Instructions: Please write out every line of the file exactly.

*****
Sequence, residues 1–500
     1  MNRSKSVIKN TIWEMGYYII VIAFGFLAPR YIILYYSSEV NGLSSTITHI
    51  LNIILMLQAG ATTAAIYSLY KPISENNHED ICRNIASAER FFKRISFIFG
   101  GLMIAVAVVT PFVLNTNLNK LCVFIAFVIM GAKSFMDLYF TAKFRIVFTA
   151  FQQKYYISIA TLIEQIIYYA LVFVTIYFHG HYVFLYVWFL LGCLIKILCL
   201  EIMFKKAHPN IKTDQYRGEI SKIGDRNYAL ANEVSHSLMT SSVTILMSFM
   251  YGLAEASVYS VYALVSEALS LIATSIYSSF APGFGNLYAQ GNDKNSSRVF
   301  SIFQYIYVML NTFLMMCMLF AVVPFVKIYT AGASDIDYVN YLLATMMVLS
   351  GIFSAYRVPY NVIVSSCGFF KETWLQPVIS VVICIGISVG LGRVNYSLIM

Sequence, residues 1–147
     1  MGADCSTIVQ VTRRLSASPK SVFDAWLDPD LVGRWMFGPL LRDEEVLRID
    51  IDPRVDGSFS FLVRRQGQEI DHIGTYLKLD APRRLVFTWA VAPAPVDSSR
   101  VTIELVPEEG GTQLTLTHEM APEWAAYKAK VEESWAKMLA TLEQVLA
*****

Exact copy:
Sequence, residues 1–500
     1  MNRSKSVIKN TIWEMGYYII VIAFGFLAPR YIILYYSSEV NGLSSTITHI
    51  LNIILMLQAG ATTAAIYSLY KPISENNHED ICRNIASAER FFKRISFIFG
   101  GLMIAVAVVT PFVLNTNLNK LCVFIAFVIM GAKSFMDLYF TAKFRIVFTA
   151  FQQKYYISIA TLIEQIIYYA LVFVTIYFHG HYVFLYVWFL LGCLIKILCL
   201  EIMFKKAHPN IKTDQYRGEI SKIGDRNYAL ANEVSHSLMT SSVTILMSFM
   251  YGLAEASVYS VYALVSEALS LIATSIYSSF APGFGNLYAQ GNDKNSSRVF
   301  SIFQYIYVML NTFLMMCMLF AVVPFVKIYT AGASDIDYVN YLLATMMVLS
   351  GIFSAYRVPY NVIVSSCGFF KETWLQPVIS VVICIGISVG LGRVNYSLIM

Sequence, residues 1–147
     1  MGADCSTIVQ VTRRLSASPK SVFDAWLDPD LVGRWMFGPL LRDEEVLRID
    51  IDPRVDGSFS FLVRRQGQEI DHIGTYLKLD APRRLVFTWA VAPAPVDSSR
   101  VTIELVPEEG GTQLTLTHEM APEWAAYKAK VEESWAKMLA TLEQVLA